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You Can Make a Difference in the Health of Casco Bay

We all want to make a difference for our environment. Confronting the consequences of climate change and the changing chemistry of our oceans may seem daunting, but Maine has many advantages to help it meet the challenge. Mainers are known to be resolute, resourceful, and committed to community. Our residents value the environment, understanding that our future prosperity is dependent on maintaining the state’s beauty and natural resources. If any place can identify and implement solutions, it is Maine.

Casco Bay belongs to all of us.

We believe that it takes a combination of collective community actions and individual actions to improve and protect the Bay. Below, we’ve listed many of the actions you can take in your everyday life that have a positive impact on the Bay. We’re here to help you take care of it.

The best ways to help us help you take care of the Bay are to donate or volunteer. Sign up for our email alerts so that you are the first to know when we have an issue you can take action on.

We each need to do our part to keep Casco Bay blue. Even if you adopt only one or two of the suggestions below, you will be helping to improve the health of Casco Bay. Acting locally, ultimately, can have a global impact.

Think About Casco Bay as You Care for Your Lawn

BayScaping promotes green yards that keep Casco Bay blue

Why? Fertilizers intended for lawns and fields can end up spurring the the growth of green slime in the form of nuisance algae instead. In addition to killing bugs, pesticides kill sea life.

  • Do not use fertilizers and pesticides, which our testing has demonstrated can end up in the ocean.
  • Adjust lawn mower to highest setting, preferably 3½-4 inches. This promotes vigorous root growth and healthier grass.
  • Leave grass clippings as you mow. (That’s right—no raking!) These natural fertilizers return about 50% of the nitrogen back to the soil, where it belongs.
  • Do a soil test to determine what nutrients, if any, your lawn needs.
  • Find out more here.

Responsible Boaters Are Important Stewards of the Bay

Jim Splude Pumout Captain
Friends of Casco Bay’s pumpout service has kept nearly 180,000 gallons of raw sewage out of Casco Bay.

Why? Because boaters are on the water, in the water, or next to the water working on their boats, they are the first line of defense in protecting Casco Bay. Those who enjoy the Bay have a special responsibility to keep pollutants out of the water, including sewage, urine, fuel, oily bilge water, cleaning supplies, paint, and varnish.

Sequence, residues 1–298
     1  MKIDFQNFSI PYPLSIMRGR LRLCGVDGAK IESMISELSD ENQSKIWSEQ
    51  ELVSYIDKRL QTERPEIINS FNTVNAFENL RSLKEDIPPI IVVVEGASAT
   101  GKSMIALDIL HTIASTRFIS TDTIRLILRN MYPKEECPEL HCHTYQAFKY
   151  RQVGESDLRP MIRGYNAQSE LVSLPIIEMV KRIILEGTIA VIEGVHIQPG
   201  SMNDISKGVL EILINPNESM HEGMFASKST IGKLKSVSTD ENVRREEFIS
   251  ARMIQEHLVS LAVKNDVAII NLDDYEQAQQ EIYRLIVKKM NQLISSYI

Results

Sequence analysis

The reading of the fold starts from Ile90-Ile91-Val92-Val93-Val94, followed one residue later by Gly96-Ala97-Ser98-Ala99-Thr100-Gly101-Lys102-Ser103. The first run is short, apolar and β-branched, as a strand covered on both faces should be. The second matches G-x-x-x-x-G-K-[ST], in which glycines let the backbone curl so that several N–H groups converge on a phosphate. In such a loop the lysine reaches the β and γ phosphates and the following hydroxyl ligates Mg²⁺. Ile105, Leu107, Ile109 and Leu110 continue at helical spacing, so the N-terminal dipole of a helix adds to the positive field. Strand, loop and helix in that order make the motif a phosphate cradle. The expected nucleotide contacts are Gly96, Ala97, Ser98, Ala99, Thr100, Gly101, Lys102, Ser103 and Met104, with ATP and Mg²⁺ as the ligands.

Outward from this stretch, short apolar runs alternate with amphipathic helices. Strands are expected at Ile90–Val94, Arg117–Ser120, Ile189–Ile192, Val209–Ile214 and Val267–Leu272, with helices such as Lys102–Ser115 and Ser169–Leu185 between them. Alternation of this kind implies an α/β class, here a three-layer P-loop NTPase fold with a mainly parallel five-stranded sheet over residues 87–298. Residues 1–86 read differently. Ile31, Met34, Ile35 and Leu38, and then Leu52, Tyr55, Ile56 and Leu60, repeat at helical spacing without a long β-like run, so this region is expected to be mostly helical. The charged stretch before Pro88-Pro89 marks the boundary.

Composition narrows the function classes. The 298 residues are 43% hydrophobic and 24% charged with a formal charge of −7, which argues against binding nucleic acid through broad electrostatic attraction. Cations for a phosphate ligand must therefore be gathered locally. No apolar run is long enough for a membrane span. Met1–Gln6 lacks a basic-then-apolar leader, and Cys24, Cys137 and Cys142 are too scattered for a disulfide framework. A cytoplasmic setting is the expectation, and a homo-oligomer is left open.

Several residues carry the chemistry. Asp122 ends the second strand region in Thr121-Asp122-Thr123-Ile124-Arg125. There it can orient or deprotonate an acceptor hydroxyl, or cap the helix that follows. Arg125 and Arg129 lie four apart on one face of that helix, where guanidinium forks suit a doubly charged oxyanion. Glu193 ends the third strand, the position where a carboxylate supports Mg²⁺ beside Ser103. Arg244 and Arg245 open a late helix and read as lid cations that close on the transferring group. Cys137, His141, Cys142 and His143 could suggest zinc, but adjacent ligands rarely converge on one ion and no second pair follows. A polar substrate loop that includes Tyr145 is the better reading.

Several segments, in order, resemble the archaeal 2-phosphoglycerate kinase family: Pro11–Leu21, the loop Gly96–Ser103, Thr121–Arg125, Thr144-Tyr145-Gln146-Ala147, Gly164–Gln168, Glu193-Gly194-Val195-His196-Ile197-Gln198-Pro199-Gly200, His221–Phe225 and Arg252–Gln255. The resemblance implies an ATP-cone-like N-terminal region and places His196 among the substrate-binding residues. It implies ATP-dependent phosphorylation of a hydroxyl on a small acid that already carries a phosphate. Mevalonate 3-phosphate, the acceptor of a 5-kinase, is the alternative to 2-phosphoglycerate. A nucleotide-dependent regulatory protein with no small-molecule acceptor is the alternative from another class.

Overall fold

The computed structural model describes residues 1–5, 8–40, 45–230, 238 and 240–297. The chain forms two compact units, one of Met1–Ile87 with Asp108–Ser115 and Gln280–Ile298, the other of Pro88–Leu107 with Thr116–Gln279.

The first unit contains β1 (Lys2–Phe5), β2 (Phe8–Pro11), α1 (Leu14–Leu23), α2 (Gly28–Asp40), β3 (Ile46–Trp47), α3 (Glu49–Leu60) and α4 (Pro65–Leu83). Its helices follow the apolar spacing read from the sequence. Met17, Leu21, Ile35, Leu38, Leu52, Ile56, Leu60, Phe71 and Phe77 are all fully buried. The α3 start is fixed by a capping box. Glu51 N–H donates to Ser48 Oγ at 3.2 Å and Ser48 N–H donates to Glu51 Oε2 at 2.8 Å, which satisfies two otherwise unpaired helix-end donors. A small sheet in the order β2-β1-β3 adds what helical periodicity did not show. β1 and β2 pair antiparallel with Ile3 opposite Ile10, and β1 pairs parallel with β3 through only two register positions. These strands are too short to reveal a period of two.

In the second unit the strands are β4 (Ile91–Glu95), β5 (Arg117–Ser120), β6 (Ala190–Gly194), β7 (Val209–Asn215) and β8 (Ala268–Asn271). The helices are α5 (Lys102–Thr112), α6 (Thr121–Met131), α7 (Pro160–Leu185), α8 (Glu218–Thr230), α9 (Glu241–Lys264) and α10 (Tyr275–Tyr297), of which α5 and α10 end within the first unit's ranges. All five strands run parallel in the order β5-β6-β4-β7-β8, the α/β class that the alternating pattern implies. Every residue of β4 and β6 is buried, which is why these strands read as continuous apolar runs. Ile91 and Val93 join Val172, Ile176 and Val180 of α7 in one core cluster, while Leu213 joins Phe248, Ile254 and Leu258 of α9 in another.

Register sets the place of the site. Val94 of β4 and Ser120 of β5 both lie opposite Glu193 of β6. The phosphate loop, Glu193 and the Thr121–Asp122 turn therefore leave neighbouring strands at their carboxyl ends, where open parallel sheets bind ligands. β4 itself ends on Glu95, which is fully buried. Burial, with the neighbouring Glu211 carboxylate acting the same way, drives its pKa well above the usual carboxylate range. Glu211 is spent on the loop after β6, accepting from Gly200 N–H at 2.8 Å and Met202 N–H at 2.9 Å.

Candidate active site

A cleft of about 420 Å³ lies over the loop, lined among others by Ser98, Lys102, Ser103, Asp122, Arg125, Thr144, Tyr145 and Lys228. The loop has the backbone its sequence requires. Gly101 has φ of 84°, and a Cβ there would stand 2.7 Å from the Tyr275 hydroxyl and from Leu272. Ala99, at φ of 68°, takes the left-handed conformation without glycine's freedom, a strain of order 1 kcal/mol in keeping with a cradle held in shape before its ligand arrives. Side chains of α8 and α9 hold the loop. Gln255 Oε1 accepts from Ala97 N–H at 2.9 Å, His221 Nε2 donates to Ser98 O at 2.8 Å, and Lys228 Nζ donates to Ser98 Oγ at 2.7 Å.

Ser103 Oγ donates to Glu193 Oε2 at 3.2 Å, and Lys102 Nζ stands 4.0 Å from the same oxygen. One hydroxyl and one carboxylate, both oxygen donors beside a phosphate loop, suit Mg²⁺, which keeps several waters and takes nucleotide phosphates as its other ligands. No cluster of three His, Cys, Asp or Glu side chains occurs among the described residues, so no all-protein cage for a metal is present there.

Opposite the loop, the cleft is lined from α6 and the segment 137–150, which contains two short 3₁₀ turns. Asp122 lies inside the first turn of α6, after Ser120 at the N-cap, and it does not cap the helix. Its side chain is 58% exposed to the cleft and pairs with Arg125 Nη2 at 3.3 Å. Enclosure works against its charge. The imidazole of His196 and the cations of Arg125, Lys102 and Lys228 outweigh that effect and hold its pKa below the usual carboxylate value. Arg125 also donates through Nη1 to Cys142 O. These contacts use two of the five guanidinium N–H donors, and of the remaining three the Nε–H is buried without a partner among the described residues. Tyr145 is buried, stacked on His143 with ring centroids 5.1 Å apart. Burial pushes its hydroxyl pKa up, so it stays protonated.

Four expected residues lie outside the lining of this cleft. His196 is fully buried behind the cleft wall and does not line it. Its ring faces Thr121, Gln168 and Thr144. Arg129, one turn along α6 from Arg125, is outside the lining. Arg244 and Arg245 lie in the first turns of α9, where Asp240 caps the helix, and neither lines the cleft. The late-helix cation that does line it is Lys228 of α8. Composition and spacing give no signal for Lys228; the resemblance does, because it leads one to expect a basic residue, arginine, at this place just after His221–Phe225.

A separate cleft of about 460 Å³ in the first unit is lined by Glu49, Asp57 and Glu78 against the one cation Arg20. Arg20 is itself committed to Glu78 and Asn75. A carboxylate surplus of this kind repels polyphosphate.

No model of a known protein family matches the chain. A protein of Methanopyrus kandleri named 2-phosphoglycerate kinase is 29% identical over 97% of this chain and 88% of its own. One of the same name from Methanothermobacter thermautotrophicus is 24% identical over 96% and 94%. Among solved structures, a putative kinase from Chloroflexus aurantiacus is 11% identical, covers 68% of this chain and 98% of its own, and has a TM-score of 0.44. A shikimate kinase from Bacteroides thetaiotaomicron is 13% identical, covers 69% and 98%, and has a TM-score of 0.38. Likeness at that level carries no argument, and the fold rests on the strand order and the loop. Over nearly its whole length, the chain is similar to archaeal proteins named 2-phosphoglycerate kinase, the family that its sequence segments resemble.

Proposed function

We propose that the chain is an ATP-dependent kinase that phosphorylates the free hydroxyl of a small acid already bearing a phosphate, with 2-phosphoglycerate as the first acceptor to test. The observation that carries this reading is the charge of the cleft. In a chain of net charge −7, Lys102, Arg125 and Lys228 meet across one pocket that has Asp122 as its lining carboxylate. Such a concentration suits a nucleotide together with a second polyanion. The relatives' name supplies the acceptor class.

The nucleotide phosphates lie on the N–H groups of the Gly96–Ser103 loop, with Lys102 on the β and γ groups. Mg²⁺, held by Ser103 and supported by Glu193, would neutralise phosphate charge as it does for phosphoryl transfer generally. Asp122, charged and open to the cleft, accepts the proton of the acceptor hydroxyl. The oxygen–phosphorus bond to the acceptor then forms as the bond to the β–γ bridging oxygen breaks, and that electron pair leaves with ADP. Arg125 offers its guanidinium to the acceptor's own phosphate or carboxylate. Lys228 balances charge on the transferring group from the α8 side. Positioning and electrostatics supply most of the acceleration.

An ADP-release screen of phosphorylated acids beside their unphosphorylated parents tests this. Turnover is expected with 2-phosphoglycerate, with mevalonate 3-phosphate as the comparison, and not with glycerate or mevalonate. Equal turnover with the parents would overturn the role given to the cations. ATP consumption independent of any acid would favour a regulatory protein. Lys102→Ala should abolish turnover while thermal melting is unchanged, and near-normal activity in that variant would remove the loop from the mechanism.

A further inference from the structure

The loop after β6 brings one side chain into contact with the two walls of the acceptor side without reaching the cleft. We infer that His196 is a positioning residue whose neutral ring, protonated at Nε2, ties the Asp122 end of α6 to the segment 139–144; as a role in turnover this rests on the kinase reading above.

• Use a pumpout facility for your marine toilet. (And don’t pee over the side!) Find a list of pumpout stations in Casco Bay here.
  • While you are out enjoying the Bay, keep an eye out for signs of pollution like oil spills, sewage discharges, and dumping. If you encounter an incident, please report it to the appropriate authority. You can find a list of contacts here.
  • When refilling your tank, avoid spilling fuel and don’t overfill. 
  • If you do spill oil, report it 24 hours a day to the Department of Environmental Protection at 1-800-482-0777. And don’t squirt dishwashing liquid on it; sop it up with the fuel spill pads at the fuel dock. 
  • Reduce fuel consumption: keep the engine tuned, clean your hull, and drain the bilge and holding tanks properly before departure. Store unneeded supplies and equipment ashore.
  • Recycle oil from your boat at recycling centers, often located at marinas, town transfer stations, auto parts stores, and service stations. You can also recycle your oil filters and engine batteries.

Green up Your Ride

Cyclist

Why? Cars and trucks are significant sources of nitrogen pollution (nitrous oxides), carbon dioxide, and other greenhouse gases.

  • Bike, walk, use public transportation, or carpool.
  • Maintain your car so oil, antifreeze, and other toxic substances don’t leak. By keeping your car tuned up, it will run cleaner, burn less fuel, and get better gas mileage.
  • When you do have to drive, plan ahead to combine trips to reduce the distance you travel. For example, shop and do errands on the way home from work.
  • Don’t idle—get out of the car instead of using the drive-thru.
  • Check tire inflation every week to increase miles-per-gallon by 3%.
  • When it is time to replace your car, buy a fuel-efficient model.

Reduce the Energy You Use in Your Home

Why? By conserving energy, you will be limiting the release of greenhouse gases, lowering both your carbon and your nitrogen footprints. Burning less oil, wood, and coal to heat your home reduces the release of nitrogen, as well as your fuel bill.

  • Get an energy audit.
  • Adjust your thermostat by 2 degrees cooler in winter.
  • Replace incandescent light bulbs with LEDs.
  • Make it a habit to turn off lights when you leave a room.
  • Wrap insulation around your water heater.
  • Unplug “vampire” electronics and appliances when not in use, such as cell phone chargers and cable or satellite TV boxes.
  • Install weather stripping and caulking around doors and windows of your home.
  • Dry clothes on a clothesline. A clothes dryer accounts for 12% of home energy use.
  • Wash your clothes in cold water.

Calculate Your Impact